A United Nations worker has been named as one of the seven British passengers who were among 157 people killed when an Ethiopian Airlines flight crashed shortly after take-off.
Joanna Toole, a 36-year-old from Devon, was said to have been among those killed on the Boeing 737 Max 8 plane destined for Nairobi when it hit the ground six minutes after departing Addis Ababa on Sunday morning.
Colleagues at the United Nations fisheries and aquaculture department described her as a “wonderful human being”, while her father said she was a “very soft and loving” woman.
The Foreign Office confirmed that at least seven Britons were on board flight ET302, which crashed in Ethiopia at about 8.45am local time leaving no survivors.
Ethiopian Airlines said an Irish citizen was also on board, while the Irish foreign ministry said officials were supporting a family.
The airline said it had contacted the families of all victims, who came from 35 nations.
Joanna’s father Adrian, from Exmouth, told the DevonLive website: “Everybody was very proud of her and the work she did, we’re still in a state of shock. Joanna was genuinely one of those people who you never heard a bad word about.”
Manuel Barange, a UN director, said he was “profoundly sad and lost for words” over her death, saying she had been travelling to Nairobi to represent the organisation at the UN Environment Assembly.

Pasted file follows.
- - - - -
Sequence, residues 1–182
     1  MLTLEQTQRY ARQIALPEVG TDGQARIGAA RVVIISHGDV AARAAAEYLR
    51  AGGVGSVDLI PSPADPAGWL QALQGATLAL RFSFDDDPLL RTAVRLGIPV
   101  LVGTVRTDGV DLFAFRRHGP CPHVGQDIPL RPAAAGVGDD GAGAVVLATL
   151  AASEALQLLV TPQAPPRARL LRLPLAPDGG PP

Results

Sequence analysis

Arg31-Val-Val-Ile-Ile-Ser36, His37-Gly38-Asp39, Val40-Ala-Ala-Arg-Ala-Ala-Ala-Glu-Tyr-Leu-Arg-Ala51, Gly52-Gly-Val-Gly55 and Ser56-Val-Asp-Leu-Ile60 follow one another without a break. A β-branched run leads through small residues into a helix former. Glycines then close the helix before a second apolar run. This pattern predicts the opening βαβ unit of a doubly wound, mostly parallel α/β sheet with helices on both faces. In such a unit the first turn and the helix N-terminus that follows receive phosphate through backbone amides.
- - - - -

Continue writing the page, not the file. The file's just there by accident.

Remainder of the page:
He tweeted: “A wonderful human being, who loved her work with a passion. Our love to her family and loved ones.”
Joseph Waithaka, a 55-year-old who lived in Hull for a decade before moving back to his native Kenya, also died in the crash, his son told the Hull Daily Mail.
Ben Kuria, who lives in London, said his father had worked for the Probation Service, adding: “He helped so many people in Hull who had found themselves on the wrong side of the law.”
Tributes have also been paid to an Irishman killed in the plane crash.
UN aid worker and engineer Michael (Mick) Ryan was formerly from Lahinch in Co Clare in Ireland’s west. He was believed to be married with two children, a priest in the county said.
He was employed by the UN’s World Food Programme (WFP), which is a leading humanitarian organisation delivering food assistance in emergencies and working with impoverished communities to improve nutrition.
A WFP spokesman confirmed: “I can very, very sadly confirm that Michael Ryan worked for WFP and was based at our headquarters in Rome and was among those killed on ET 302.
“All of WFP’s thoughts and condolences are with the families of those killed.”
Several WFP staff were on the flight, ahead of this week’s conference.
On Twitter, Taoiseach Leo Varadkar paid tribute to Mr Ryan.
“Our thoughts tonight are with families of all those lost in the Ethiopian Airlines crash, including Irish engineer Michael Ryan,” he tweeted.
“Michael was doing life-changing work in Africa with the World Food Programme. Deepest sympathies to family, colleagues & friends.”
Prime Minister Theresa May said she was “deeply saddened” to learn of the disaster.